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Rainwater Harvesting in Taos

by Doug Pushard

Water is critical to life and especially so in Northern New Mexico. In the Taos area both commercial and private home builders are proactively adopting rain catchment systems, reusing greywater and xeriscaping.

 

Taos has an average annual rainfall of 13 inches, so a house with 2,000 square feet of roof area can catch almost 15,000 gallons of rainwater a year. This is more than adequate for most households (See Tank Calculator)

A lot of the water harvesting system in the area catch water and supply all the water needs of the home, both for drinking and irrigation. The roofs are mostly smooth surfaces that drain into gutters. The downspouts send the water through a particle filter to a large cistern for storage. The cisterns used in the Taos area vary in size and materials, pre-fab or site-built, and can typically be installed for about a $1.50 - $2.50 per gallon. Price will also vary depending on remoteness and conditions of the roads to the site.

“Because of the high cost of drilling and the remoteness of the some of the locations in the area harvesting rain just makes sense,” according to Charlee Myers, owner of Mountain & Mesa Construction in Tres Piedras, New Mexico. “We have seen rainwater systems become more and more mainstream as out here everyone seems to know someone with an installed system,” he concludes.

A lot of homeowners in Taos do not have ready access to city water so they have to choose between drilling a well or harvesting rainwater. With wells costing between $10,000 to $30,000 and rainwater systems costing between $4,000 - $7,500 a lot of homeowners outside the city are opting to harvest the rain.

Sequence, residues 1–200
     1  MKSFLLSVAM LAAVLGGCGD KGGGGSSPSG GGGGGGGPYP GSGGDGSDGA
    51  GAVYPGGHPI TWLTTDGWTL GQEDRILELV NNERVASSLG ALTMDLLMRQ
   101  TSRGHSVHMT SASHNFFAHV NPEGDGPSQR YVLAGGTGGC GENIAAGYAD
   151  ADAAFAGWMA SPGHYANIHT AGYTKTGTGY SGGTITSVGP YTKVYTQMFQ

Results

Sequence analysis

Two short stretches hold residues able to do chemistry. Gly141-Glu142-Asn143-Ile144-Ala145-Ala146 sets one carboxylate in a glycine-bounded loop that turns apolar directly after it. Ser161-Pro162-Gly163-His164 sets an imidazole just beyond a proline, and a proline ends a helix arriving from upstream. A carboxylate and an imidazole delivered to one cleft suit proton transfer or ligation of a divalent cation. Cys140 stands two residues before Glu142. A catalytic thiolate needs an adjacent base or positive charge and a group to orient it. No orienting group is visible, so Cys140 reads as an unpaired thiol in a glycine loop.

In most households, up to 60% of household effluent is greywater (from sinks and showers/tubs) which can be reused for landscape irrigation. The reused water benefits plants with increased nutrients and phosphates. Greywater from the house collects in a holding tank, and may optionally pass first through an indoor wetland planter, creating a beautiful indoor garden. Irrigation water for outdoor gardens is pumped directly from the holding tank. Overflow will typically go to a leach field or in some cases to a septic system.

By local building code, irrigation with greywater has to be used below ground level which is ideal for water-efficient drip irrigation. In the semi-arid Taos climate, landscaping gardens with plants that thrive on less water, such as native grasses and wildflowers, makes great use of the greywater.

A septic system installed in the Taos area runs about $2,000 or they can choose composting toilets for around $1,000 each and a smaller separate greywater holding tank for about $1,000. The latter approach is a more efficient use of water in an area that sometimes experiences weeks without rain during the summer and is fairly common in and around Taos.

Given the independent streak of those choosing to build in Taos it is not surprising to see quite a few opting for both rainwater harvesting and greywater systems - saving both money and helping the environment.

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